Evaluation of reinforcement corrosion in repaired concrete bridge slabs - a case study

  1. (PDF, 1 MB)
  2. Get@NRC: Evaluation of reinforcement corrosion in repaired concrete bridge slabs - a case study (Opens in a new window)
AuthorSearch for: ; Search for: ; Search for:
Journal titleCorrosion
IssueMay 5
Pages457468; # of pages: 12
Subjectcorrosion, reinforcement; Corrosion (of reinforced concrete); Corrosion/cracking
AbstractResults of a study of reinforcement corrosion in four repaired concrete slab sections taken from an old bridge are presented, as well as results measured on electrochemical cells. Significant evidence is provided to help the inspection engineer to interpret the corrosion survey data taking into account the specifics of the environmental conditions that prevailed during the survey. The measurements comprised half-cell potential, linear polarization, and concrete resistivity, which are known to be sensitive to the ambient environment, especially to oxygen and water in concrete. Some semi-destructive tests, including chloride concentration, chloride permeability, and carbonation depth, were also carried out to assist the analysis and to support the results of the nondestructive corrosion testing techniques. The concrete cover of the slab samples was later removed to assess the actual state of corrosion of the reinforcement and to compare it to the corrosion predicted from the corrosion surveys. This study shows that each corrosion measurement technique has its specific advantages and limitations. Better prediction of corrosion can be obtained by analyzing the data collected from various evaluation methods with careful consideration for the effects of environmental conditions.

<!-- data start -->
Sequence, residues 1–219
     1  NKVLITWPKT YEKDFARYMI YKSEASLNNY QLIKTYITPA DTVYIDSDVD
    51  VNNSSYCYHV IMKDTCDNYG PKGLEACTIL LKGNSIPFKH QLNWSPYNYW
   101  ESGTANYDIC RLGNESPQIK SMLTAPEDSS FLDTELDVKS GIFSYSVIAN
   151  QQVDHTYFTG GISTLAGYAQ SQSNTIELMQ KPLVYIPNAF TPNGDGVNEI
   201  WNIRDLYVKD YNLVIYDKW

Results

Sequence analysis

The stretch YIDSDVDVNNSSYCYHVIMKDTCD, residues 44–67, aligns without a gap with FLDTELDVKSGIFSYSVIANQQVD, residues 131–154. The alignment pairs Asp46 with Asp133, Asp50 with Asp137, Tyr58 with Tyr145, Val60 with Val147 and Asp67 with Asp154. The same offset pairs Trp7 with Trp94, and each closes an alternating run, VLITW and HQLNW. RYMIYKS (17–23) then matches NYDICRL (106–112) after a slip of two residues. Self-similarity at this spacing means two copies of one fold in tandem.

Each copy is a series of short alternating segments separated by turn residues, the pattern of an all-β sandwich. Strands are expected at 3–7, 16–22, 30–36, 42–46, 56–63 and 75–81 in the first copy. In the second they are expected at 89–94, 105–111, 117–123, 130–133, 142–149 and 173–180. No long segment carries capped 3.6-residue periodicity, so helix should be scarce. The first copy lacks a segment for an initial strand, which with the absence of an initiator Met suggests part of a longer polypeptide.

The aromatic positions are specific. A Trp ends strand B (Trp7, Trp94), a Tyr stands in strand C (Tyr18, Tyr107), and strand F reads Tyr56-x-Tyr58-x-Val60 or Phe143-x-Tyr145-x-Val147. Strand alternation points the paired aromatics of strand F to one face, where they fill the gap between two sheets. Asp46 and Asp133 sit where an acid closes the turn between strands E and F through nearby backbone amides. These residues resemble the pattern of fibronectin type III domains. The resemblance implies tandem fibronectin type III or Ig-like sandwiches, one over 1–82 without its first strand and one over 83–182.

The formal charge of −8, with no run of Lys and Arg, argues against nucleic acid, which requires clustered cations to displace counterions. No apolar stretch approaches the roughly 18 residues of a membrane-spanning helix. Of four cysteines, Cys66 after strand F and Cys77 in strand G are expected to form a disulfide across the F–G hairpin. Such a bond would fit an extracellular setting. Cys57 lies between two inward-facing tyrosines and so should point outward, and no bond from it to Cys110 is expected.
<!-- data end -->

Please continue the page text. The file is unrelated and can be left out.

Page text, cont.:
Publication date
AffiliationNRC Institute for Research in Construction; National Research Council Canada
Peer reviewedYes
NRC number44683
NPARC number20386341
Export citationExport as RIS
Report a correctionReport a correction
Record identifier0f368cbf-9aa9-46d8-b161-0e7518ade863
Record created2012-07-25
Record modified2016-05-09
Bookmark and share
  • Share this page with Facebook (Opens in a new window)
  • Share this page with Twitter (Opens in a new window)
  • Share this page with Google+ (Opens in a new window)
  • Share this page with Delicious (Opens in a new window)
Date modified: